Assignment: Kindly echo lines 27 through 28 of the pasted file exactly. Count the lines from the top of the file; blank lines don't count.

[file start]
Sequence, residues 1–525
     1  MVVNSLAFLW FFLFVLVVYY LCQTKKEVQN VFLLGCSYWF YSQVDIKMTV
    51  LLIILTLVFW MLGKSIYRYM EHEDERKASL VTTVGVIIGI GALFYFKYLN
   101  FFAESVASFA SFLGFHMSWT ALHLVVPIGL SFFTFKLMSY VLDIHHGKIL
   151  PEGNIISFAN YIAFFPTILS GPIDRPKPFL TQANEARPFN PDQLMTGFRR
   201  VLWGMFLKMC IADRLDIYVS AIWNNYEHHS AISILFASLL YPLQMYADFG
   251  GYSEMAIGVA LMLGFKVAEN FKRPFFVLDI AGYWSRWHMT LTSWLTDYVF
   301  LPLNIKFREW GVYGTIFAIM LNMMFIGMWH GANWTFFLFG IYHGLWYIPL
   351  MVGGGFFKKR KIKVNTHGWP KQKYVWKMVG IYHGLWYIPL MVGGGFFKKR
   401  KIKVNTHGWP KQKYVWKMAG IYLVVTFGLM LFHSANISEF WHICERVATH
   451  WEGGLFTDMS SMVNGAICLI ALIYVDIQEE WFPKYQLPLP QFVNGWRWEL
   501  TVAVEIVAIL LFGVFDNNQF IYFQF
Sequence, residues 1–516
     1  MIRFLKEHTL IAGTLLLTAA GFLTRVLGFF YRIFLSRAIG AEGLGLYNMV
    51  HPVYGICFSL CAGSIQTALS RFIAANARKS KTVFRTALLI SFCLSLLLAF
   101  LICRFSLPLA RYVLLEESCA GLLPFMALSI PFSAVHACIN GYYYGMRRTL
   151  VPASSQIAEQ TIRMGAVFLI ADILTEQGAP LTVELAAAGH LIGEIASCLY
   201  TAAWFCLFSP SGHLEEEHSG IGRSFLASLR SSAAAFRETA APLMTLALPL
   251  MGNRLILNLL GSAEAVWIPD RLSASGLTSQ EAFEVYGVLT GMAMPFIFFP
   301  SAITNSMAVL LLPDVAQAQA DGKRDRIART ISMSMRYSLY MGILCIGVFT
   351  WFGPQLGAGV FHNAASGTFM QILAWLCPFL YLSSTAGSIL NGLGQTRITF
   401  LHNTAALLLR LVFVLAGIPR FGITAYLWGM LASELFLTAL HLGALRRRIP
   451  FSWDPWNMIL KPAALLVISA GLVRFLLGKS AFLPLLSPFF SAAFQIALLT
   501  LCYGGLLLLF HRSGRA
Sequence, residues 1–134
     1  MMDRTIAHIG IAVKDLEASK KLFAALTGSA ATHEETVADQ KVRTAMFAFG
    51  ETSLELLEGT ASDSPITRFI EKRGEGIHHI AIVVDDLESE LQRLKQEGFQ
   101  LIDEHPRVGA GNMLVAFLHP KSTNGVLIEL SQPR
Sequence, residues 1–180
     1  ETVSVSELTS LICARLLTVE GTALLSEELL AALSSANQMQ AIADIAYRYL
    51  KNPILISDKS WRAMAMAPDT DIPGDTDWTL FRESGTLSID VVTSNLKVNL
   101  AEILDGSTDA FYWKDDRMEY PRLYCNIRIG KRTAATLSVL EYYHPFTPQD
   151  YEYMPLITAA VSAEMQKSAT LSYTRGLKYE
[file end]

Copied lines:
    51  ETSLELLEGT ASDSPITRFI EKRGEGIHHI AIVVDDLESE LQRLKQEGFQ
   101  LIDEHPRVGA GNMLVAFLHP KSTNGVLIEL SQPR